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Changing ‘concentrations’ to ‘majors’ undermines what makes Princeton unique

<h6>Jon Ort / The Daily Princetonian</h6>
Jon Ort / The Daily Princetonian

The following is a guest contribution and reflects the authors views alone. For information on how to submit to the Opinion Section, click here.

The monumental news that Princeton was renaming “concentrations” to “majors” and allowing departments to create minors slipped under the radar at the end of last term. Students may have been indifferent to the change or appreciated that their degree would be easier to explain. But this change in terminology cuts away at Princeton’s academic distinctiveness. We must ensure that Princeton’s academic rigor isn’t diluted in the same way.

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Many students may not be aware of what made Princeton academically unique in the first place. I didn’t either until I came across an awkwardly sized gate last spring on a bike ride back to campus from the Graduate College — the Luther P. Eisenhart Gateway. Curious, I read up on Dean Eisenhart — a mathematician, math professor, Dean of the Faculty, but most importantly, the pioneer of Princeton’s thesis requirement

Dean Eisenhart was the first to propose the “Four Course Plan,” which required all students to take a larger percentage of their courses in their department and complete a thesis during their senior year. Eisenhart wanted to give all students the opportunity to earn honors based on their theses. Until this change, only students who performed well in lower-level courses had the opportunity to earn honors with a thesis. Students and alumni did not easily accept Eisenhart’s plan.

Eisenhart’s plan was deeply controversial. The plan was so hated that the Class of 1925, the first class to whom the thesis requirement applied, adorned their beer jackets with an illustration of a tiger crushed by four books. The Class of 1927 departed Princeton with a song on the steps of Nassau Hall condemning Dean Eisenhart for “originating the four-course plan.” Some alumni, upset about the increased rigor of the plan, even blamed the poor performance of the football team on the thesis requirement. 

This change came in the wake of Princeton’s evolution from a simple college to a university that puts a greater emphasis on educational rigor. Not until the University’s sesquicentennial in 1896 did the College of New Jersey change its name to Princeton. The graduate school was established the same year. Before these changes, Princeton awarded graduate degrees to any student who returned three years later with letters certifying that they had been doing productive work in their field. Eisenhart’s push for a more rigorous education advanced Princeton’s transition to a true university. 

The independent work that Eisenhart inaugurated is now central to the idea of mastery that a Princeton degree represents. Many universities only ask students who seek honors to complete an undergraduate thesis. But unlike degrees from other institutions, a Princeton degree represents the culmination of careful personal research. It’s in that context that the term “concentration” must be viewed. What Princeton students study is not just a reflection of their coursework, it is what they have researched deeply, with intense focus and concentration.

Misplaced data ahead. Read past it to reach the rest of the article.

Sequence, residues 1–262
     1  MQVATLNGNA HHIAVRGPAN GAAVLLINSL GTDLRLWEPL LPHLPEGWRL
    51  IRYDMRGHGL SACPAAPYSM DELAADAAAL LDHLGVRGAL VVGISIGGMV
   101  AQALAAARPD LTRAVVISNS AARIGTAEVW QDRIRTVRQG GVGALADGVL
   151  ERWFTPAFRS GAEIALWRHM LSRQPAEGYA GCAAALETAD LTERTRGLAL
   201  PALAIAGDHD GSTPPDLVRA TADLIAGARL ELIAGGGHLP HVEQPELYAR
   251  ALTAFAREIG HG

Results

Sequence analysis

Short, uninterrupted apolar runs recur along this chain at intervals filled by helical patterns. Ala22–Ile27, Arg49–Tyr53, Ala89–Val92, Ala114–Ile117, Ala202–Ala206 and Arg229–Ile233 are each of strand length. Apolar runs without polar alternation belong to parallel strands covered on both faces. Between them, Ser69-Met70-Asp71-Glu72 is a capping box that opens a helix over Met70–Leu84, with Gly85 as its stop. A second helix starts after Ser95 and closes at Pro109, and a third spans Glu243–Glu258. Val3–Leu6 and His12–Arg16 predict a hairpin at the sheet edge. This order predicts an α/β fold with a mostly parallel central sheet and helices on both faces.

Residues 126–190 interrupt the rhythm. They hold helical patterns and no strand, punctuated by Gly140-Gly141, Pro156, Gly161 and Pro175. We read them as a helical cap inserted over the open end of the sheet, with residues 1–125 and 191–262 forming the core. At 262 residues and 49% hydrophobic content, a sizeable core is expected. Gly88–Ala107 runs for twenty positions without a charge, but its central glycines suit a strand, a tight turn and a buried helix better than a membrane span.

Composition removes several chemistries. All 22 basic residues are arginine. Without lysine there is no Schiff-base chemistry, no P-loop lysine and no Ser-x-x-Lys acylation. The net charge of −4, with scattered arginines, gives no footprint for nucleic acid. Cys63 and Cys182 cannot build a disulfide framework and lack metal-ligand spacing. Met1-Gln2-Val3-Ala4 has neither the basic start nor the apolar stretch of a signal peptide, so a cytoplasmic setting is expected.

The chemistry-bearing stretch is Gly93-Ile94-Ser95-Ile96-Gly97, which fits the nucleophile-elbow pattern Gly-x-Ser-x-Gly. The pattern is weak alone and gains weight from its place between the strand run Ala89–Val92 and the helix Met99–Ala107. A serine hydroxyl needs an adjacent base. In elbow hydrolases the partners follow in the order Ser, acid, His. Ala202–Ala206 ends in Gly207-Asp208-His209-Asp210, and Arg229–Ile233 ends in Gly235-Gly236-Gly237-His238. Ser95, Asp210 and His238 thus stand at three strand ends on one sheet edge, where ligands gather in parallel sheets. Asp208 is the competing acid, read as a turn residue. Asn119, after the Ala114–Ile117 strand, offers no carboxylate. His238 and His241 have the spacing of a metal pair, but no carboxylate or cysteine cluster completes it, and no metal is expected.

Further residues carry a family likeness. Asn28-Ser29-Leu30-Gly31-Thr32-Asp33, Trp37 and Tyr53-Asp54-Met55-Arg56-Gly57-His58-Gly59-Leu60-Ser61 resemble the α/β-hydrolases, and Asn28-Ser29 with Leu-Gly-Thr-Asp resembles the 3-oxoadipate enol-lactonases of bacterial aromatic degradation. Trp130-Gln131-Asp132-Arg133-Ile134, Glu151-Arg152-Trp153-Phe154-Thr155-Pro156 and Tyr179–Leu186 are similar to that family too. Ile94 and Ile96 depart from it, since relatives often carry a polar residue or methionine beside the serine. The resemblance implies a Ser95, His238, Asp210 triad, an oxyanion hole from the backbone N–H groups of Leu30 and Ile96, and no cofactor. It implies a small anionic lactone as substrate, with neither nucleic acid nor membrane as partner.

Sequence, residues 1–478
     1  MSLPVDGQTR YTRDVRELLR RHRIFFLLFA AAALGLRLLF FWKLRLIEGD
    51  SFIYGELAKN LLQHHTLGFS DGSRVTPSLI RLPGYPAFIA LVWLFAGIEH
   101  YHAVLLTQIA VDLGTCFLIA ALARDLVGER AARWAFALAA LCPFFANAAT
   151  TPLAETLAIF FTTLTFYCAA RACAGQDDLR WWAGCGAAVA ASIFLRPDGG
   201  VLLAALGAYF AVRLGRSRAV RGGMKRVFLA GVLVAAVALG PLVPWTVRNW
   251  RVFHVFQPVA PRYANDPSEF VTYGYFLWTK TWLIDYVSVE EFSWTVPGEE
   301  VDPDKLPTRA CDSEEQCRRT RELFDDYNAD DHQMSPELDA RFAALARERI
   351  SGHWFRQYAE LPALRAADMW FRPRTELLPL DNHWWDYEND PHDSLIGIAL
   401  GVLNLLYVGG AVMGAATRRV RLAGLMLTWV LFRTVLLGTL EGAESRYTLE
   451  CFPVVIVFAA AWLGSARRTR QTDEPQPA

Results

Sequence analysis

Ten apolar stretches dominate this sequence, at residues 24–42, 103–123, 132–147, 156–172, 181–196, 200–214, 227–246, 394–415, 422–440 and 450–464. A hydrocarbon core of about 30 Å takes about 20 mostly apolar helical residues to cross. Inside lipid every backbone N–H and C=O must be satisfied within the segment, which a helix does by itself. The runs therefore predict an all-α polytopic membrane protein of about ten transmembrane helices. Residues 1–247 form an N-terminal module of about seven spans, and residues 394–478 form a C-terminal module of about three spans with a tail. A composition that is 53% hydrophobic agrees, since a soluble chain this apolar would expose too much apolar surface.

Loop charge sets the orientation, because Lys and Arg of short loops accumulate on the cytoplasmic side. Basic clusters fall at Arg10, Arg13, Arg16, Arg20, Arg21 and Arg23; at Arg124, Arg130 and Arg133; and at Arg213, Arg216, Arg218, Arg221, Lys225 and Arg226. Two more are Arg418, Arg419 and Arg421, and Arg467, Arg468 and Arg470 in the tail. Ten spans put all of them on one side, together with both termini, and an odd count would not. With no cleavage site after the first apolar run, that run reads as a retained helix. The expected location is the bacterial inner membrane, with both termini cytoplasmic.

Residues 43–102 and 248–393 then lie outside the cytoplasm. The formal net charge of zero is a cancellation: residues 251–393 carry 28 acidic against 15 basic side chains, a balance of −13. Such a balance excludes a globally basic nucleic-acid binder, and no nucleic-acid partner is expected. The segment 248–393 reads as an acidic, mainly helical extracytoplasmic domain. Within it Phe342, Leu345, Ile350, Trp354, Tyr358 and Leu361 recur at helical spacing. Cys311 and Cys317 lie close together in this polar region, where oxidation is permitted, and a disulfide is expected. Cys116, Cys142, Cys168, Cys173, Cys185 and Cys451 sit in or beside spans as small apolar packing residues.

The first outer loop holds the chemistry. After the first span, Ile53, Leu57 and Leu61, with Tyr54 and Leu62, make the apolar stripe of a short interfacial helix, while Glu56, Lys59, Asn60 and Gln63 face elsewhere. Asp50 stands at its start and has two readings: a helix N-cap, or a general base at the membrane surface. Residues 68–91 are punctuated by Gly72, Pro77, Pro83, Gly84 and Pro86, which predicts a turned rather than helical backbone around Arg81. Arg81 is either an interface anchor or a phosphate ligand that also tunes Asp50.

When the University announced its changes in terminology, Dean Dolan said that the changes were motivated by a desire to “better align us with other colleges and universities while preserving exactly what concentrations and certificates already do.” However, the unique names fit unique programs. Why apply the “major” name to a program that differs significantly from its peers? The words “concentration” and “certificate” simply allowed Princeton students to explain what was so unique about their education compared to those of peers at other universities. 

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Allowing students to pick up single-department minors has the unfortunate potential to wreck one of the tenets of any Princeton degree. Princeton students cannot double-concentrate (or I suppose, regretfully, now double-major), because mastery of two subjects captured in a thesis is considered too onerous a burden. Yet by randomly tossing out the term “minor,” Princeton now admits that students can achieve partial competence in a second field.

One may wonder why the terminology matters at all. But when we see Princeton abandoning its unique terminology in favor of conformity, one wonders how it will withstand the pressures for a less rigorous curriculum. Student distaste for departmental and thesis requirements go back to the very establishment of these requirements. Will the University decide that the thesis is unnecessary next? We don’t have to move in that direction: departments considering a minor program should be sure to require independent work and uphold Princeton’s rigor. The University and its students are better off with Eisenhart’s push to require the thesis. We can’t let that vision falter.

Like their predecessors 100 years earlier, the Class of 2025 will have the ability to try out a new academic program. It is up to the University whether this is a step forward or backward.

John Raulston Graham is a junior majoring in architecture from Portland, Tenn. He is the Orange Key Guide Service historian and a member of the Princetoniana committee. He can be reached at jrgraham@princeton.edu. Graham is a former features writer for the ‘Prince.’

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